Trains carrying factory employees back to work after two months in locked-down cities rolled out of Hubei province, the center of China’s coronavirus outbreak, as the government on Wednesday began lifting the last of the controls that confined tens of millions of people to their homes.
Roadblocks on bridges and at expressway gates opened, allowing trucks and cars through for the first time in two months.
Residents of Wuhan, the provincial capital where the coronavirus emerged in December, are allowed out of the city but cannot leave Hubei until April 8. Restrictions that barred tens of millions of people from leaving other cities in Hubei since late February as China fought to contain the outbreak were lifted Wednesday.
As the United States and European countries tighten their own controls, China’s ruling Communist Party is relaxing restrictions to revive the economy after declaring victory over the outbreak.
Still, authorities have orders to prevent a spike in infections as millions of people return to work in Hubei or migrate to other provinces. Travelers were checked for the virus’s telltale fever and are required to use smartphone apps that keep track of their health reports and whether they have been to risky areas.
A train left the previously locked-down city of Huanggang on Tuesday night carrying 1,133 factory workers back to jobs in Guangdong province, the center of China’s export-driven manufacturing industries in the southeast, according to People’s Daily, the main Communist Party newspaper.
Physicians were aboard to monitor the passengers and the train was due to travel non-stop to Guangzhou, the Guangdong provincial capital, as a precaution. People’s Daily said the workers would be met by buses to carry them directly to factories in Shenzhen and other cities.
“Resumption of labor and production is urgent!” the newspaper said.
Most access to Wuhan, a manufacturing center of 11 million people, or 1 1/2 times the population of New York City, was shut down Feb. 23. The city is 700 kilometers (450 miles) west of Shanghai.
Restrictions that would expand to become the most intensive anti-disease controls ever imposed spread to Huanggang and the nearby cities of Ezhou, Chibi, Qianjiang, Zhijiang, Jingmen, Xiantao, Xiaogan and Huangshi.
At the peak of China’s restrictions, some 700 million people were in areas covered by orders or official requests to stay home and limit activity.
That left streets in Beijing and other major cities empty and eerily silent. Police stopped pedestrians and told them to go home.
Other governments including Italy, Spain and Malaysia have imposed similar controls, closing regions or national borders, as the virus spread around the globe.
In Hubei, authorities began allowing factories, food processors and some other businesses that were deemed essential to reopen on March 11 in a sign of official confidence the disease was under control.
The shutdowns in Hubei, central China’s manufacturing center, disrupted smartphone, auto and other major industries.
There is no word on when schools, which have been teaching online and through social media, might reopen in Hubei.
“We still feel it is not the right time to resume classes,” said Li Zhen, a teacher at the Yingshan County Experimental School in Huanggang.
Once they reopen, teachers expect schools to screen visitors and “slow down the process of teaching a little bit to let the students catch up to the rhythm of study in the classroom after being away for months,” Li said.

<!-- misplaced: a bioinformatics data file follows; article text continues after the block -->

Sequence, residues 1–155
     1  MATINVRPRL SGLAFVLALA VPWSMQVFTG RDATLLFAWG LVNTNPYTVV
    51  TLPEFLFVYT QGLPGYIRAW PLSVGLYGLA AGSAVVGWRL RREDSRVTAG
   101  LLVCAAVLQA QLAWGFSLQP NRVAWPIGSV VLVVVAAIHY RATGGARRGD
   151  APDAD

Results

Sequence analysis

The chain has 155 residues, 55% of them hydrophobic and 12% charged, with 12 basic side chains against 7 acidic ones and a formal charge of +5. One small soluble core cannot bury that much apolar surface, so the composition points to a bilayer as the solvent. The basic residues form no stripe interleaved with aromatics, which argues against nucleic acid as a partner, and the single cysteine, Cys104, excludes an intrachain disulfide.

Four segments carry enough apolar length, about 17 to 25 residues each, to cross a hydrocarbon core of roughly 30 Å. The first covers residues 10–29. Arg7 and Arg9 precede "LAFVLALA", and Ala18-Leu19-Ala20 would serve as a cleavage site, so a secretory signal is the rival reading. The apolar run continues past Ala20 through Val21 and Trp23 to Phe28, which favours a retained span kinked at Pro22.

On the Laishui River, the 400-meter (quarter-mile) Hunan-Eqing Bridge that links Hubei with neighboring Hunan province reopened before dawn Wednesday, according to the Chutian Metropolis Daily.
Drivers leaving Hubei were checked for fever and had to show a “green health code” on the tracking app, indicating they had avoided high-risk areas.
“You can breathe a little sigh of relief,” the newspaper quoted a police officer, Tian Gang, as saying. It said he has been away from home for 50 days.
The owner of a private school in Xiangyang said he won’t reopen until the outbreak is declared “completely under control.” He said his 40-member staff have been teaching online but the school lost 500,000 yuan ($70,000) over the past two months.
“I am not dreaming about getting aid, but I hope the government can help ordinary people,” said the owner, who would give only his surname, Shi.
Shi, a 31-year-old father of two, said his students spent the lockdown indoors reading books and watching TV.
“I told them not to go outside because there was a monster out there,” he said.
Most of the public cooperated with the restrictions, but a man was sentenced to death March 1 for fatally stabbing two people who were guarding a roadblock in Yunnan province in the southwest.
Wuhan is an automaking center and has factories operated by Groupe Renault, Nissan Motor Co., PSA Peugeot-Citroen and Honda Motor Co. in joint ventures with state-owned Dongfeng Motor Group.
The city also has hundreds of components suppliers.
Renault said its factory in nearby Shiyan reopened March 11 and a Wuhan factory is due to restart March 30.
Honda said its three factories in Wuhan reopened March 11. Nissan said a factory in Xiangyang reopened the following day.
Dongfeng said its own factories in Hubei were approved to resume production as of Monday.
The manager of the Huangshi Jinghua Plastic Mould Co. in the city of Huangshi said its 50 employees went back to work March 18. He said sales are down 30% to 40% from pre-outbreak levels.
Employees were wearing masks and disinfecting the workplace, said the manager, Yin Shuang.
“It is absolutely not the time for us to remove the masks now,” Yin said.
AP researcher Yu Bing in Beijing and AP writer Mari Yamaguchi in Tokyo contributed to this report.